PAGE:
The College Board, which administers the SAT exam, has developed a new tool for higher-ed admissions officers to incorporate into their decision-making process. It's called an "adversity score," and it takes into account 31 different data points—none involving race or ethnicity—designed to measure social and economic disadvantage.
It's an intriguing concept, ripe for inclusion in a Washington Free Beacon extrapolative analysis. What if, for example, an "adversity score" was used to handicap another competitive pursuit, such as a presidential campaign? Which candidate would benefit the most?
The answer to that question, according to our analysis, is President Donald J. Trump.
Even from a non-scientific perspective, it's clear that few Americans throughout history have suffered more personal adversity than our president, which makes the historical success of his administration all the more commendable. Trump's considerable disadvantages in the face of unprecedented opposition have not prevented him from abolishing the Obama-era prohibition on national greatness, and restoring the concept of winning to the American lexicon.
As president, Trump is compelled by law to reside in one of the most expensive zip codes in the United States, while accepting an annual salary of zero. The government subsidizes his meals and housing. One of the factors considered by the College Board—unemployment rate—is significantly higher in Washington, D.C. (5.6 percent), than in the country as a whole (3.8 percent). A loving father, Trump continues to support his adult children financially, as well as emotionally.
Trump scores highly on many of the College Board's adversity indicators, including "probability of being a victim of a crime." As the leader of the free world, he receives more death threats on a daily basis than many of us will receive in a lifetime. Not to mention the myriad actual crimes perpetrated by Crooked Hillary and the Democrats against his campaign (spying) and his administration (Russia hoax), and a rigged justice system that has repeatedly declined to prosecute. Several of his former associates have gone to prison, an indication of the high-crime environment in which he is forced to reside.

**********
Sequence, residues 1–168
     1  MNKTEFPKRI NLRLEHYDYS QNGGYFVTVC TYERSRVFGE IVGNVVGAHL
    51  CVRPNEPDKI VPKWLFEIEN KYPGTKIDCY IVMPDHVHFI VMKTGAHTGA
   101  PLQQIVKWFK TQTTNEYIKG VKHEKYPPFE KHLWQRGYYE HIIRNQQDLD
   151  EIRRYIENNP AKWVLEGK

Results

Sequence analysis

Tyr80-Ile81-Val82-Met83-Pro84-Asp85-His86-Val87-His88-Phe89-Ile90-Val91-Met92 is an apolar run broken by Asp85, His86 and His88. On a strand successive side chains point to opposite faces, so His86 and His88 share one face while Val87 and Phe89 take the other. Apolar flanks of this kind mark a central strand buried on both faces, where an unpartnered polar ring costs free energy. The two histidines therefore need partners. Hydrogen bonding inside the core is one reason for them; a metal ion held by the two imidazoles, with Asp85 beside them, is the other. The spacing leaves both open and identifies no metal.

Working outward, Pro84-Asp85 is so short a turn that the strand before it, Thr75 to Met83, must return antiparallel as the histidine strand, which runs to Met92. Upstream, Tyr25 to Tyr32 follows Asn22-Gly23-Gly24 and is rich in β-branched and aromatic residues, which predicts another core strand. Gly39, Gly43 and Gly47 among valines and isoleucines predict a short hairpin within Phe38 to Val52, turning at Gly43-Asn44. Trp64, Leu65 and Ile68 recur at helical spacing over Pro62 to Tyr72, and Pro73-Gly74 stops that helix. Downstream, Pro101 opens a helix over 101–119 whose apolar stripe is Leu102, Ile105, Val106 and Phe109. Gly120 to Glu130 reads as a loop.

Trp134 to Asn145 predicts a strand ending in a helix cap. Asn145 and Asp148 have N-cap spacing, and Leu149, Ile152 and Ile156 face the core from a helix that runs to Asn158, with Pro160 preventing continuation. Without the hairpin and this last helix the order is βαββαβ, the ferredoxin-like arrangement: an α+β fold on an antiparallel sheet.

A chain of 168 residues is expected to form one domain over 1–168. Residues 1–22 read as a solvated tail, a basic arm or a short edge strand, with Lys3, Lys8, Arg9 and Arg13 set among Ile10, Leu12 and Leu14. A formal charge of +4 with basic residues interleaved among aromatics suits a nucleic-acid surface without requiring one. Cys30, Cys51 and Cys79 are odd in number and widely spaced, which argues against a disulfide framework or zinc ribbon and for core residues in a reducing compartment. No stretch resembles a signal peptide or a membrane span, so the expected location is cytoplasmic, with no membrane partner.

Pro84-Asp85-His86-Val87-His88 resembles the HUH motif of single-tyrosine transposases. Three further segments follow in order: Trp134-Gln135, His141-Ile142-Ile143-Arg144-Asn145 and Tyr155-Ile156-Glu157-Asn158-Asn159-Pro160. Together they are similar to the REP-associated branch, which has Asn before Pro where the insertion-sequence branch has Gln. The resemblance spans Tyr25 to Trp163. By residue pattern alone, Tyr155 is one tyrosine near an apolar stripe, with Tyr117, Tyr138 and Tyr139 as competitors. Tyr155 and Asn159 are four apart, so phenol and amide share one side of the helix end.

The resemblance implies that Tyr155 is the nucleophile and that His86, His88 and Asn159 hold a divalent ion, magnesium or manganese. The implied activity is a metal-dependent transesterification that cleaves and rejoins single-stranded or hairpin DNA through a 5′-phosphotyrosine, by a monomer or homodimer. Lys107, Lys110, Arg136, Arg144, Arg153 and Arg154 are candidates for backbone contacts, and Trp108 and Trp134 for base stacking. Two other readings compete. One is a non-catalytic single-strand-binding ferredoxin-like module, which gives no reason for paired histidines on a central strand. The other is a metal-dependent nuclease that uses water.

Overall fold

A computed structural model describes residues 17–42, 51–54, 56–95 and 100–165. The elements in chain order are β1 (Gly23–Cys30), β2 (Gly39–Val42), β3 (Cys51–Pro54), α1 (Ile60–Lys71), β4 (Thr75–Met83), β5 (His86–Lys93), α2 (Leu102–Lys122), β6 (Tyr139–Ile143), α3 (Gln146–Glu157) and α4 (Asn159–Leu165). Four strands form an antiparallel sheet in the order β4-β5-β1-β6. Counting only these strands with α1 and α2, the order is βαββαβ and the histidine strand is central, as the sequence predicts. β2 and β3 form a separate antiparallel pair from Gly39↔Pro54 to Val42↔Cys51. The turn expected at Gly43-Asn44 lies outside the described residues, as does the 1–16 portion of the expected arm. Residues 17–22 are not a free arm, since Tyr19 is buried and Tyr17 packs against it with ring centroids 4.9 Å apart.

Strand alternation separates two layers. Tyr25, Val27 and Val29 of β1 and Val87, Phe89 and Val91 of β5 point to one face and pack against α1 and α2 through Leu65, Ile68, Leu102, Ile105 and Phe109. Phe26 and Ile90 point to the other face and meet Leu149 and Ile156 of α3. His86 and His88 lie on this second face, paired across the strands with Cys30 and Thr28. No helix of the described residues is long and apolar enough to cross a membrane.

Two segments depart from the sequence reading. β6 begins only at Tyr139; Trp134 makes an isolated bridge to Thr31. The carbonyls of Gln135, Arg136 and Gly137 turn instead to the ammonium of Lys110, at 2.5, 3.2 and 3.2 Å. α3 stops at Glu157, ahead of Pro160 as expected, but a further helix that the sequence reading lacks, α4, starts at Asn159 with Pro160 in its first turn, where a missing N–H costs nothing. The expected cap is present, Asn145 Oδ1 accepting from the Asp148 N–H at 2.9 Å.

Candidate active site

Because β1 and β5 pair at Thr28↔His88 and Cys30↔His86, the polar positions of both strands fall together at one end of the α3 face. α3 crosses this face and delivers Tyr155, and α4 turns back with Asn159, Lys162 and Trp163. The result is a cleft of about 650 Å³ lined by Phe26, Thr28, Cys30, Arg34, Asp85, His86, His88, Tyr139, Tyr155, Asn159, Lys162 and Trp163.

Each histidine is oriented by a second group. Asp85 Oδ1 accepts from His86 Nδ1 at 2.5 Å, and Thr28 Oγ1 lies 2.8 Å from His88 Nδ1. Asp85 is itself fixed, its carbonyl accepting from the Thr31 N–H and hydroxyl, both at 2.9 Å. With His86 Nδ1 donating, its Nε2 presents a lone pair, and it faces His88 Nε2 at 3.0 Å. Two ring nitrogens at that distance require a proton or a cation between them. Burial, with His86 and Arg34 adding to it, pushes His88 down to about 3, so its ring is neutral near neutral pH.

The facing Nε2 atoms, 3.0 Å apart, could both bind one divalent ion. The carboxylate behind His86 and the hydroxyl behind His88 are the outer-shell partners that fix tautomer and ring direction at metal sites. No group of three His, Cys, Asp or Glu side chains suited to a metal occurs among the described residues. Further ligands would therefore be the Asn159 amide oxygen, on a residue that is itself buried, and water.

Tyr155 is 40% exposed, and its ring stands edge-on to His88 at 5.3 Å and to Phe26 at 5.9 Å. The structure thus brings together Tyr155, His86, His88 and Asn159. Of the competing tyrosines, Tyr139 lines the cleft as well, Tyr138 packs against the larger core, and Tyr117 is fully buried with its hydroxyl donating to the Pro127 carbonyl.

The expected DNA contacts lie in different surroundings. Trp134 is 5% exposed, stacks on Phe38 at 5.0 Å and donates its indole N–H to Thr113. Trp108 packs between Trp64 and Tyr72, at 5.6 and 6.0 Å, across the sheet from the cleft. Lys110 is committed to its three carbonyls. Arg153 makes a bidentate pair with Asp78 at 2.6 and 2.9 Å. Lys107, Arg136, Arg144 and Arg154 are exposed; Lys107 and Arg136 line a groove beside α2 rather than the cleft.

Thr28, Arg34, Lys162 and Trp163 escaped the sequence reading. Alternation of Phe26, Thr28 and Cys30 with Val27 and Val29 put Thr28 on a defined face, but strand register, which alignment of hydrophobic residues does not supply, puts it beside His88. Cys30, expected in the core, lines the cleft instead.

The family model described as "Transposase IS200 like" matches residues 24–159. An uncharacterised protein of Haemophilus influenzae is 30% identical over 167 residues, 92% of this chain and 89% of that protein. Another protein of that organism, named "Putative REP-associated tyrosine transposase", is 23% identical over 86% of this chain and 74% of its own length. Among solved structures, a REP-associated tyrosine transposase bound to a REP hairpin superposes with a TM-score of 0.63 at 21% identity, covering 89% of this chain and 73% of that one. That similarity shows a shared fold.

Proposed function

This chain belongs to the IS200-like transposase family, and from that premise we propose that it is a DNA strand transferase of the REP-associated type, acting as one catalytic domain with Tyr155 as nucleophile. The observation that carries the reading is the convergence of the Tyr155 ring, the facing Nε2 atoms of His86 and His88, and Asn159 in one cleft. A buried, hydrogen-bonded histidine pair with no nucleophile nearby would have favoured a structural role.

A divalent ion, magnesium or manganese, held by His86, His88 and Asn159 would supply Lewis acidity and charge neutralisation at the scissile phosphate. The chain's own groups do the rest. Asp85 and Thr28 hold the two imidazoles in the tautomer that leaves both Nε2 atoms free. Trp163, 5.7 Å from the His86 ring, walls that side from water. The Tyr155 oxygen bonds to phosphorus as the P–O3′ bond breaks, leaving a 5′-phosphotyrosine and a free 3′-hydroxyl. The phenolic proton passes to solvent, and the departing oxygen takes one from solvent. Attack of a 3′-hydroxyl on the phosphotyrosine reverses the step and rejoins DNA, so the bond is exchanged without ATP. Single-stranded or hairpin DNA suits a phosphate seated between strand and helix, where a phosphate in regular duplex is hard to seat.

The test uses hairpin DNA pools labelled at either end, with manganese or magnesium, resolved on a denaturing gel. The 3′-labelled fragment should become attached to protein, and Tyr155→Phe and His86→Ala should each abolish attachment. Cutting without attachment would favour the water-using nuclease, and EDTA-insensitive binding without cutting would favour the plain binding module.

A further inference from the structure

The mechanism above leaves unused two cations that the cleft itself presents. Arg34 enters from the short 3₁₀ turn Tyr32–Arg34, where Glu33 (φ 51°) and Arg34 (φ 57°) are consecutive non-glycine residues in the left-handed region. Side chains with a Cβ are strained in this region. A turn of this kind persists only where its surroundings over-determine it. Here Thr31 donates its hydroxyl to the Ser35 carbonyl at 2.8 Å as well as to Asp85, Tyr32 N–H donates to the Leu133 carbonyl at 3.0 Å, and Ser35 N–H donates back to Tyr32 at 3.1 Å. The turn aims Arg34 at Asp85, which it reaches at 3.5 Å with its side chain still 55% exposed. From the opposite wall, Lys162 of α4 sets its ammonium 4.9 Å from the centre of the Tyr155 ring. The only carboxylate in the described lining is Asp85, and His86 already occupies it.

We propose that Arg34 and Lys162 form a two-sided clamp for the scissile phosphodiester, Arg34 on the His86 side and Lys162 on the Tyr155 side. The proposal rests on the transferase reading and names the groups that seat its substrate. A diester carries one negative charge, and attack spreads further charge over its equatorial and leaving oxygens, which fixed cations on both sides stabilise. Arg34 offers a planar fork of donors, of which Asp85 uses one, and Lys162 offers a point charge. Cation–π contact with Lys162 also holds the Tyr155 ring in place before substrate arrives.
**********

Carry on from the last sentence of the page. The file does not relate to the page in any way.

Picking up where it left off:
Since taking office, Trump has had to navigate considerable structural adversity in the form of an opposition media establishment that promotes "fake news" about the president on an hourly basis. His patriotism compels him to consume voluminous amounts of televised media, another data point commonly associated with disadvantaged households. Meanwhile, Trump's God-given right to pursue happiness is uniquely constrained by an archaic constitutional framework that mandates his dreams be ratified by Congress, and approved by unelected judges.
None of the candidates vying for the Democratic nomination come close to matching President Trump's adversity score, our analysis found. Beto O'Rourke, for example, briefly pursued a career as a blogger, and while his charitable giving habits resemble those of Americans well below the poverty line, his privilege has inoculated him against almost every possible strand of adversity.
Nearly all of the candidates have spent their entire careers in politics, benefitting from the largesse of wealthy donors. Trump, like most normal Americans struggling to get by in the private sector, has had to rely on hard work and determination. He's had to crawl out from under mountains of debt to get where he is today.
While there is some momentum behind proposals to award Trump temporal "reparations" on account of all the time stolen from him by the perpetrators of the Russia hoax, we have yet to see serious consideration of the idea that presidential campaigns should be handicapped along the lines of the college admissions process. It may or may not be a brilliant suggestion that could go a long way toward restoring fairness to the democratic process. Either way, it is beyond inspiring to see a candidate who has suffered so much personal adversity in the race.
Donald Trump is the American Dream.